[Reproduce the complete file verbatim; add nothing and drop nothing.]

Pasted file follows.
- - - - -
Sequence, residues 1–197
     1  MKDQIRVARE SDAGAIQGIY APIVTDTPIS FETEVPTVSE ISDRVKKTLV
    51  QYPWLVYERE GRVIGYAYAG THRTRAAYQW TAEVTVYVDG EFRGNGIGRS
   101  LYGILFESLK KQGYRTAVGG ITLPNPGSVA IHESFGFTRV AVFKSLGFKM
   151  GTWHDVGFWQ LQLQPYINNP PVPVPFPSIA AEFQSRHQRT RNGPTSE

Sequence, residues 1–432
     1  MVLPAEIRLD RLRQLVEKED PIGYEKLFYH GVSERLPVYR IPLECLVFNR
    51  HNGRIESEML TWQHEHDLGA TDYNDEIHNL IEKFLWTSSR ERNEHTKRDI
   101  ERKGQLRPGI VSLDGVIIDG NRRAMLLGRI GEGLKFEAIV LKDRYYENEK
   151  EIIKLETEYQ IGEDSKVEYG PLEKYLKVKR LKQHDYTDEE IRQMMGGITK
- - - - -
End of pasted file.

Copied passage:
Sequence, residues 1–197
     1  MKDQIRVARE SDAGAIQGIY APIVTDTPIS FETEVPTVSE ISDRVKKTLV
    51  QYPWLVYERE GRVIGYAYAG THRTRAAYQW TAEVTVYVDG EFRGNGIGRS
   101  LYGILFESLK KQGYRTAVGG ITLPNPGSVA IHESFGFTRV AVFKSLGFKM
   151  GTWHDVGFWQ LQLQPYINNP PVPVPFPSIA AEFQSRHQRT RNGPTSE

Sequence, residues 1–432
     1  MVLPAEIRLD RLRQLVEKED PIGYEKLFYH GVSERLPVYR IPLECLVFNR
    51  HNGRIESEML TWQHEHDLGA TDYNDEIHNL IEKFLWTSSR ERNEHTKRDI
   101  ERKGQLRPGI VSLDGVIIDG NRRAMLLGRI GEGLKFEAIV LKDRYYENEK
   151  EIIKLETEYQ IGEDSKVEYG PLEKYLKVKR LKQHDYTDEE IRQMMGGITK